Repeat for every ticket you have worked on.

Testing everything in the integration branch

Goal: a place to try out the code from several tasks together. master can not be used for this as it is used for tracking upstream. This is a temporary branch that can be removed or reset to the same state as master after testing is done.

  1. Create the branch
    git checkout -b integration master
    
  2. Merge in all task branches, fix any conflicts that occur in the task branches (i.e. they should merge cleanly)
    git merge ticket1234
    git merge ticket1235
    ...
    
  3. Run tests
  4. Reset the branch back to master's state (to re-integrate all tickets again later):
    git reset --hard master
    

Deleting a remote branch

Deleting a remote branch is somewhat unintuitive:

  1. Delete the local branch
    git checkout master
    git branch -d ticket1234
    
  2. Delete the corresponding remote one
    git push origin :ticket1234
    

If something went wrong

If you haven't done anything out of the ordinary, but see

$ git push
...
! [rejected]        master -> master (non-fast forward)
...

then most likely your branch (master in this case) is out of sync with the remote branch.

git pull

should alleviate the problem and git push should work again.

Generally, non-fast forward means that the local history differs from the loan modification remote history and pushing would change remote history. Although rewriting history may wreak havoc if someone has forked your repository after the changed point, it is sometimes necessary.

On master

You can reset master to a one-to-one copy of upstream as follows:

git checkout master
git reset --hard upstream/master

If the reset changes history, you'll get the non-fast forward error when doing a git push. A forced push is required in this case:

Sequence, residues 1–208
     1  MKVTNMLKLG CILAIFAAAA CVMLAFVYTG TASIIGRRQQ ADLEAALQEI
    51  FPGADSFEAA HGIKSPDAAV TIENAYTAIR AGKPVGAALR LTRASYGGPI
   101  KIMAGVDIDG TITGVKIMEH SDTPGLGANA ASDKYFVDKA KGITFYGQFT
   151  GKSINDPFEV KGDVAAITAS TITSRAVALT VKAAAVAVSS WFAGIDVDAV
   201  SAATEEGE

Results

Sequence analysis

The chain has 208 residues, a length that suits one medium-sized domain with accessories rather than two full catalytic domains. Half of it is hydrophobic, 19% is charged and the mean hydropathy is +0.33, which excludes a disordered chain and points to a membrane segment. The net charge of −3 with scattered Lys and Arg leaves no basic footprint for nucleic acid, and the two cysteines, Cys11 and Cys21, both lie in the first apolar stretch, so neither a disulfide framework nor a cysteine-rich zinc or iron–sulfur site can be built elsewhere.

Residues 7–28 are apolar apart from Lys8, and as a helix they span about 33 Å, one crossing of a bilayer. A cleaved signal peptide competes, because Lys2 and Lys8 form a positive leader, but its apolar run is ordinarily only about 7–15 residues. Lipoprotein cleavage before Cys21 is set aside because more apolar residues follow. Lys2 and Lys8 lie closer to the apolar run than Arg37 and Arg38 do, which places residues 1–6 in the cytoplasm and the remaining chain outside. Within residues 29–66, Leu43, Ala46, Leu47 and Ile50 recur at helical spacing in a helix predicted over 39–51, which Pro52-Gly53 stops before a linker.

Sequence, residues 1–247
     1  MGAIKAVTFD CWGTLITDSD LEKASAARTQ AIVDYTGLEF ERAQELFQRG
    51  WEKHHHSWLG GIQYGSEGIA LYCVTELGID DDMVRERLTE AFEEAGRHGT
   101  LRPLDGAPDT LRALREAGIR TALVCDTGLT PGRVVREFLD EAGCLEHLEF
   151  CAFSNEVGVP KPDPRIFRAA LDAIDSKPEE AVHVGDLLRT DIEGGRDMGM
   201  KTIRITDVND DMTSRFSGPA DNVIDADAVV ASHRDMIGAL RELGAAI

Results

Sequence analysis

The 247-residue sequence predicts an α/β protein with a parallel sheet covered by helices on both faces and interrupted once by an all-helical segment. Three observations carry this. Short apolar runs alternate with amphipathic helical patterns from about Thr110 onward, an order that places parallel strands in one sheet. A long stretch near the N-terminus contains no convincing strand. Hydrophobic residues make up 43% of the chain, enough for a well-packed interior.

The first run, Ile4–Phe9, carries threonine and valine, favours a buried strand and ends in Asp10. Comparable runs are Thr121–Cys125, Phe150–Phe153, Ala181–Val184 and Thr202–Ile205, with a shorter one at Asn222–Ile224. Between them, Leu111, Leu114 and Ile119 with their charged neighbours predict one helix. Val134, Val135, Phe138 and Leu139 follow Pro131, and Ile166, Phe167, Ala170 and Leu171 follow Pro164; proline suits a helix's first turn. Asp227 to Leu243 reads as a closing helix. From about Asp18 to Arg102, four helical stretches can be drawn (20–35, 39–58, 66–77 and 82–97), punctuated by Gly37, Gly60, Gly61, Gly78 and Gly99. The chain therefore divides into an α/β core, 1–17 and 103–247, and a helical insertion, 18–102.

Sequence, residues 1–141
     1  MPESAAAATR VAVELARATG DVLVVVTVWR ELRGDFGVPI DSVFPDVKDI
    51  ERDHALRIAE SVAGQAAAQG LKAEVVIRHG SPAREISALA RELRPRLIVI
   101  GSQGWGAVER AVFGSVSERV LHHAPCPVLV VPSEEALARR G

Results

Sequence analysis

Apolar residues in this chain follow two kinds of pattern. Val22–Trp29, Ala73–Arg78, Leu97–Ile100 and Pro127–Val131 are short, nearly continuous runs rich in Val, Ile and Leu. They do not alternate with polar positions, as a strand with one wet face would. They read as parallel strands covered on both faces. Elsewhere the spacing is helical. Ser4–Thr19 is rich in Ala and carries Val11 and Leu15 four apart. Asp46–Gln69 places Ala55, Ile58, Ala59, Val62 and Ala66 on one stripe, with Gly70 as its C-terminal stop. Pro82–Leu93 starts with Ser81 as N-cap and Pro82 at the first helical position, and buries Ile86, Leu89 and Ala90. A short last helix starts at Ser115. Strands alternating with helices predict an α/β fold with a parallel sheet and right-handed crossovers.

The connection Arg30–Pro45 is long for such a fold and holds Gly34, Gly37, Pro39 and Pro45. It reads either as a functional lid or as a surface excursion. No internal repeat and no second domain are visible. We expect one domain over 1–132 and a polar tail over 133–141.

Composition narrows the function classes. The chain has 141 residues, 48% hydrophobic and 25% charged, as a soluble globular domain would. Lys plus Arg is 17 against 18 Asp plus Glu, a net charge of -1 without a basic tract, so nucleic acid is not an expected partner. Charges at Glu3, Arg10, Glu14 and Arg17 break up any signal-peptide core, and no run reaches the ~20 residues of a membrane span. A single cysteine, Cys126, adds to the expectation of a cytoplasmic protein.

git push --force

On a branch

Switch to the branch

git checkout ticket1234

You can manually remove or glue commits together with

git rebase -i master

To abort the rebase, just remove all non-commented lines.

If something went wrong during rebase and you want to undo the rebase:

  1. Find out the state identifier before the rebase:
    git reflog
    
  2. Switch back to that state
    git reset --hard HEAD@{NUMBER_FROM_REFLOG_HERE}
    

This works for all other similar problems as well, e.g. for backing out a merge.

As above, if you've changed history, you need to issue a forced push:

git push --force

Collaboration on a large feature

The process should be managed with the Dictator and Lieutenants Workflow, described at http://whygitisbetterthanx.com/#any-workflow.

  • Dictators are core Django developers, who eventually merge the git branches back to Django trunk.
  • Lieutenants are developers, who take the responsibility of steering and coordinating the work on a large feature (e.g. aggregates).
  • Contributors are developers who contribute -- under lieutenant's guidance -- to the development of the feature.

The workflow described below should usually use a separate branch to keep the work isolated, so the instructions need updating.

Lieutenant

  1. Create a fork of the automatically updated (unofficial) Django SVN trunk mirror on GitHub by clicking fork at http://github.com/django/django/tree/master
  2. Describe the design of the feature you implement on the GitHub project wiki, list tasks that need tackling so that contributors can pick them easily.
  3. Clone the fork to your workstation:
    git clone git@github.com:YOUR_NICK_HERE/django.git